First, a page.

A month ago the government launched a review into the role of health visiting for families with very young children. The current legislation which requires mandatory health checks to be carried out for all families comes to an end in March 2017. Options put forward to government ministers include renewing the mandatory requirement, amending the number of visits provided, or scrapping the requirement altogether. Cheryll Adams who was a health visitor in Hampshire for almost 20 years and championed the causes of vulnerable families, promoting emotional and social health in isolated communities and even spent some of her weekends running community drives to improve child safety. She is now the Executive Director of the Institute of Health Visiting and in a recent interview explained that health visitors can have a “major impact” on children in their first two years of life, and without the mandated checks, families may not get the preventative health services they need, which could result in more children having safeguarding needs. She argues that the mandatory nature of checks needs to be extended in order to protect the service and pick up on early problems within the families of young children. Several people I know work closely with health visitors and believe passionately that Cheryll Adams is right in what she says. The cost of preventative work and monitoring is almost always lower than waiting for problems to emerge at a later stage. However the families in greatest need of support are not always well placed to know how to respond to such reviews and the health visitors themselves are clearly seen to have a vested interest in a positive outcome from this assessment. The way the review is taking place is that a letter has now been sent to all health visiting commissioners and professional leaders by Public Health England chief nurse Viv Bennett and Phil Norrey, children and families spokesman for the Society of Local Authority Chief Executives, calling for views on the future of the visits.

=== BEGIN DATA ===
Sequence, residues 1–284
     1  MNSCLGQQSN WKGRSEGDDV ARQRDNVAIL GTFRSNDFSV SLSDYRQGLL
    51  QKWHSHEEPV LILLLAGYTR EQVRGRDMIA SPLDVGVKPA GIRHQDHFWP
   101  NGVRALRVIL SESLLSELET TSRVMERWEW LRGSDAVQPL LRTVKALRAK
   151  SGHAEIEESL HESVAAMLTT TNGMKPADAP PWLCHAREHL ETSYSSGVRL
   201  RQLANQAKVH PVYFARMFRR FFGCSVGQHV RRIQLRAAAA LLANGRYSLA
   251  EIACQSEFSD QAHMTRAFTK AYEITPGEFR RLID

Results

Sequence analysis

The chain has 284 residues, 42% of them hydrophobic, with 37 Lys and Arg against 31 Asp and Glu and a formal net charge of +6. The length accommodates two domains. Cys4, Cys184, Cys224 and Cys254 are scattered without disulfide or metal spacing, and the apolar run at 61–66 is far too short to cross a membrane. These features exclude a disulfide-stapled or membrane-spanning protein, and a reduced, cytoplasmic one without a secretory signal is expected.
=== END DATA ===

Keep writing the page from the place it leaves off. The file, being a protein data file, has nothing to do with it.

Clearly these people who commission such services are under enormous pressure to find savings, and in the short term reducing preventative work can sometimes seem like an easy target for cuts. It is vital that we all do what we can to persuade our elected representatives to support a positive outcome from this review for the sake of the families in our vicinity as well as for the public purse. There are strong arguments for this service to be extended at a time when families are under greater pressure than ever due to the impact of benefit cuts and low wages through zero hour contracts and other factors.